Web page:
Residents of the Hillcrest area in Castaic are expecting a verdict on the future of their landscaping concerns this week.
The Los Angeles County Board of Supervisors is scheduled to hold a hearing Tuesday morning to discuss the communitywide vote on the county’s maintenance of Hillcrest’s overgrown hillsides, which could have a major impact on local property values.
The residents of what the county refers to as Landscape Maintenance District 37, which surrounds Hillcrest Parkway, had until Tuesday, July 24, to vote on whether they want the county to continue maintaining their properties, at the cost of increasing their annual LMD fee from $240 to $655.
If the result is a “yes” vote, the county’s new contract will go into effect in September, and account for deferred maintenance, renovation of the center median at The Old Road and Hillcrest Parkway, and rehabilitation of planted material and irrigation systems.
If residents vote no, the county will detach the zone from its Landscape Maintenance Districts program after one year. Individual property owners would become fully responsible for the landscape maintenance.
Fees that property owners pay to maintain the landscape have not been raised in over 20 years.
Previously, the residents had voted “no” on the issue in 2007 and 2014, said Castaic resident Ingrid Riederer, who also co-founded the group “Keep Hillcrest Green” to address the landscaping issue. The rise in the fee is to account for the fact that the fixed cost residents pay hasn’t been adjusted since the district was formed in 1990.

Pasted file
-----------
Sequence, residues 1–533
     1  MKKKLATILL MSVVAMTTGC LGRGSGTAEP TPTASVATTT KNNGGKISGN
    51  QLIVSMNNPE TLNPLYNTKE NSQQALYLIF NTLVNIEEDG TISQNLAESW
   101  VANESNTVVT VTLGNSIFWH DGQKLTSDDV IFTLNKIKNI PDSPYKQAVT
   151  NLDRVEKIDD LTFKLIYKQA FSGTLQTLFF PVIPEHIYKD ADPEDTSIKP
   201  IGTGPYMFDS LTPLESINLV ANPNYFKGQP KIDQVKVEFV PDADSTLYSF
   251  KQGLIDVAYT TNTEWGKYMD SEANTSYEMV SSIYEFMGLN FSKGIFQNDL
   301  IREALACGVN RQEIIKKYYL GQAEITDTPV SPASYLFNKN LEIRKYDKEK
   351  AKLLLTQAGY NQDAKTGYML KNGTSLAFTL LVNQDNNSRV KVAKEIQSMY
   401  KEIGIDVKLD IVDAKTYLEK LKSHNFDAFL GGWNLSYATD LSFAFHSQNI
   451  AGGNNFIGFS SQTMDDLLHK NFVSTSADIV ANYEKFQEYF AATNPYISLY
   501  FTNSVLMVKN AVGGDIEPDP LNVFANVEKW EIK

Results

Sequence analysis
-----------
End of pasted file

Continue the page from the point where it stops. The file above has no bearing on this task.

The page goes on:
Some homeowners, such as resident Cindy Gonzales, raised concerns at a June 27 county presentation that insurance companies had been cancelling policies because overgrown brush and trees posed fire hazards.
If the initiative fails, individual homeowners will be in charge of landscaping their own properties that are currently part of the LMD, but that could create a ripple effect in the community, said Hillcrest resident Laura Laughlin.
“If your neighbor can’t afford to repipe his home, the whole neighborhood’s property value is going to go down,” she said. “So you can’t just look at it as how much it costs to take care of your own square of land.”
L.A. County officials reduced the level of service after the last failed attempt to raise the landscaping fees in 2014, as they could not financially maintain it.
Lani Alfonso, principal engineer with the Public Works Department, said the county was considering detaching the zone because of the rising costs.
“What we’re collecting as far as assessments is no longer enough to cover the cost of maintenance,” she said. “If the voters vote no, the proposal from the county is to detach the zone and return the maintenance to individual owners. It’s no longer financially sustainable. Maintenance cannot be (financially) scaled back further without performing no maintenance at all.”